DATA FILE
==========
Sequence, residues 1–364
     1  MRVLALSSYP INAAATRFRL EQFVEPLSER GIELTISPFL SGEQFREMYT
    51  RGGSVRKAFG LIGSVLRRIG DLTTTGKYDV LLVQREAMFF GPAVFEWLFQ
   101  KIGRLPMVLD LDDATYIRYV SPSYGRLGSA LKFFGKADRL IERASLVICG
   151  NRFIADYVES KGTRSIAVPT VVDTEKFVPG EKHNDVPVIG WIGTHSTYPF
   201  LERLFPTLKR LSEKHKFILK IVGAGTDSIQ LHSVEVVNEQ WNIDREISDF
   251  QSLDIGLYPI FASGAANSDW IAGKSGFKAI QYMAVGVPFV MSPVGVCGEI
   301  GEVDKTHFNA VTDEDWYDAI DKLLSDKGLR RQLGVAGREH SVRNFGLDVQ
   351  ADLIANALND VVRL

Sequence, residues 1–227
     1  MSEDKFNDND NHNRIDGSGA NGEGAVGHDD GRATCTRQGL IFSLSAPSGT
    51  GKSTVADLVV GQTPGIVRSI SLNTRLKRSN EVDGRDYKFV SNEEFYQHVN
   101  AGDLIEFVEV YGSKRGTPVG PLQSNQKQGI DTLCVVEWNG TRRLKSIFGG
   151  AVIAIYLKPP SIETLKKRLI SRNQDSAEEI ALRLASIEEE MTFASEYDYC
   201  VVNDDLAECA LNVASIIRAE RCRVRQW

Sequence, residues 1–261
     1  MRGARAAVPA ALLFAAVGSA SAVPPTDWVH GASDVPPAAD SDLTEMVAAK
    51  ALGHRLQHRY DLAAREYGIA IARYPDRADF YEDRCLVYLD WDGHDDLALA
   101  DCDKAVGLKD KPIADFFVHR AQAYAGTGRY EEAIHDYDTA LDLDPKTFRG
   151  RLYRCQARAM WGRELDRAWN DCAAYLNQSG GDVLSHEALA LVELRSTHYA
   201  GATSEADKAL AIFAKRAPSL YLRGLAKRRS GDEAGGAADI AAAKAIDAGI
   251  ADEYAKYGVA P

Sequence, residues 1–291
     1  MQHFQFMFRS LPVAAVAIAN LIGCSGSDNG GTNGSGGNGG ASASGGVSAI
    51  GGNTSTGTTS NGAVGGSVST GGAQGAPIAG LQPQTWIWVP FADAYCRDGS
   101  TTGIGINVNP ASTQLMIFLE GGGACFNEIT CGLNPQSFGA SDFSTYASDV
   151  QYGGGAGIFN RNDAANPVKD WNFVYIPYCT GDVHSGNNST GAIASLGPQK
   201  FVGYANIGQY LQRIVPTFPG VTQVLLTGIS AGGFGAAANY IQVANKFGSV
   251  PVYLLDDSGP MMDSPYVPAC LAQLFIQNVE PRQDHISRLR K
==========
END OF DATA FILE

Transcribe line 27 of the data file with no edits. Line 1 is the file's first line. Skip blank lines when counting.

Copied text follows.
   151  QYGGGAGIFN RNDAANPVKD WNFVYIPYCT GDVHSGNNST GAIASLGPQK